The New York taxi driver who just got off the plane from Karachi is driving a cab with a US flag and “United We Stand” sticker. I have no problem if the taxi driver is genuinely stupid, but if the bad taste in car decoration was the result of fear of retribution, then this should not acceptable in a supposedly free country. The same taxi driver would be driving around London displaying a Koranic script with little or no fear of attack. He would certainly not need to display the British flag.
Iranians living in America seem to have largely accepted that they should downplay their identity in order to succeed in their careers and avoid getting marginalized in their neighbourhoods. The numbers of Iranians in New York metropolitan area and Greater London are comparable, but the number of Iranian cultural events, restaurants, cafes and public forums for celebrating one’s identity is significantly less. None of the numerous carpet shops in Madison Avenue even call themselves Persian; they display the America flag on the screen rather than the Iranian one. In London, there are around ten public Norouz celebrations with 200-300 attendees each. In Manhattan, you will be lucky to find one. You are able to see any Iranian movie of international significance on a London cinema screen. This is not the case in New York.
On a recent holiday in South America, we arrived at a vineyard on a bus tour. Everyone was asked his or her country of origin. As usual we declared ourselves as Iranian, and the guide said that she had never met anyone from Iran. A few minutes later, we heard ‘Salaam Alaykom’ and met Mehrdad who had introduced himself as from LA. We spent the rest of the tour together and had a great dinner the following night, but it still irked me why he had not introduced himself as Iranian. He was obviously completely Iranian in terms of attitude, culture, values, and interests but had been conditioned to play it safe.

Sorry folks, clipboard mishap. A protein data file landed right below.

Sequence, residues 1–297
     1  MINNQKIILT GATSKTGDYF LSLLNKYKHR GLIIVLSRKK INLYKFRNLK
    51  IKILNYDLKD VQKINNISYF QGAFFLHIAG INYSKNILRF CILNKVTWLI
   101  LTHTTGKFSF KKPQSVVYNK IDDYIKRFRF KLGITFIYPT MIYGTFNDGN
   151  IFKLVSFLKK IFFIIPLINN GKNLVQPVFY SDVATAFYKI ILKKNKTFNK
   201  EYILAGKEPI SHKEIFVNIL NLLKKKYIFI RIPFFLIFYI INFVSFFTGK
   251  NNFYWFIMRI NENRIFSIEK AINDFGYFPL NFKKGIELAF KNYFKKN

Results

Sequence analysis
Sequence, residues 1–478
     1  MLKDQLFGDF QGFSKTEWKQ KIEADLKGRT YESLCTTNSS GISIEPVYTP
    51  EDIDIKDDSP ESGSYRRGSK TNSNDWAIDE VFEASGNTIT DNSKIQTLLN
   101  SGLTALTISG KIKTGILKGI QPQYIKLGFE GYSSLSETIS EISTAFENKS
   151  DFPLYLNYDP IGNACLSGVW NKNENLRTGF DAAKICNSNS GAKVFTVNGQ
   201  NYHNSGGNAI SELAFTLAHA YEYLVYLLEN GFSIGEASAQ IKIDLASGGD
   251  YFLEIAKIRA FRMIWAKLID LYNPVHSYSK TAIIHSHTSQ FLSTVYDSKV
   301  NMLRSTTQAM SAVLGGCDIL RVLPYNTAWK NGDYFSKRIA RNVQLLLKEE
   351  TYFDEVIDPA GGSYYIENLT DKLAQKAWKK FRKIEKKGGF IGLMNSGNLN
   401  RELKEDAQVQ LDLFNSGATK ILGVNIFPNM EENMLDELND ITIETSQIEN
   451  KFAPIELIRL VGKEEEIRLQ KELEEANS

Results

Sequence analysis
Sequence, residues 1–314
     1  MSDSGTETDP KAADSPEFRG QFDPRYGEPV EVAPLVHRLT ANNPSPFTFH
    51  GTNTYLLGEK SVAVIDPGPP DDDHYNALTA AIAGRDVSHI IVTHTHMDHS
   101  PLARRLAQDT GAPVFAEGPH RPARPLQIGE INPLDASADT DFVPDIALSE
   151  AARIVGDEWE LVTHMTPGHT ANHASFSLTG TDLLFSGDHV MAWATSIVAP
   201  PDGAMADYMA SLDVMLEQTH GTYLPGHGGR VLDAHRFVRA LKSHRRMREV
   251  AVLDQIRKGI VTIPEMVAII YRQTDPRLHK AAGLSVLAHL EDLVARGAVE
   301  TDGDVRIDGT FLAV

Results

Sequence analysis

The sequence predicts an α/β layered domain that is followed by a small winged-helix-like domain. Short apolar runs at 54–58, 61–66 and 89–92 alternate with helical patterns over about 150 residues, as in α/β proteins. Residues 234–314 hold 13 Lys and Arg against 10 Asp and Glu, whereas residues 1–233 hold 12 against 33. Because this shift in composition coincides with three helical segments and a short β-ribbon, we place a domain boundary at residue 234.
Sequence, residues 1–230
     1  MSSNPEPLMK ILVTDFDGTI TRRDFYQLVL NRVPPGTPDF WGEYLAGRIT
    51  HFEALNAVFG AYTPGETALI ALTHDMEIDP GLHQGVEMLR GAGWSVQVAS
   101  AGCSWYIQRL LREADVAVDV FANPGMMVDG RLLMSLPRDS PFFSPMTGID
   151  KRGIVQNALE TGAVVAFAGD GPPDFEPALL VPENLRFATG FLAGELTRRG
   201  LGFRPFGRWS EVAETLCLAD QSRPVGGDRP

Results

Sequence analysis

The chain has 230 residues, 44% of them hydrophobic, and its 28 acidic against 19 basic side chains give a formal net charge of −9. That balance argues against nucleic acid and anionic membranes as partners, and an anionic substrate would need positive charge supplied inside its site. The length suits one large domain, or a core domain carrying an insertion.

It appears to be much more acceptable to change your first name, not talk about your identity and generally blend in with the community in the US. If you are particularly courageous, you may call yourself Persian in the hope that nobody knows where that is or they think that you are a direct descendant of Cyrus, and not Ayatollah Khomeini. This is not in anyway a criticism of the US-Iranian Community, but is reflective of the power of the US to suppress other cultural identities and force them into the anglo-saxon mainstream. The media assault on Iran and the labelling of our country as a pariah state have been extraordinarily successful here. This has placed pressure on the Iranians living in the US, forcing many to prefer to concentrate on their family’s well-being rather than be involved with other Iranians as part of a wider community.
I am not a great Iranian nationalist. This was not a rant against America (past or present) or the Iranian community here. I am not necessarily saying that we should be proud of our history and heritage – that is a matter of individual opinion and choice. However, I think it is a basic human right to proclaim your identity — be it nationality, race or religion – without fear. I believe this right is now more secure in Europe for an Iranian.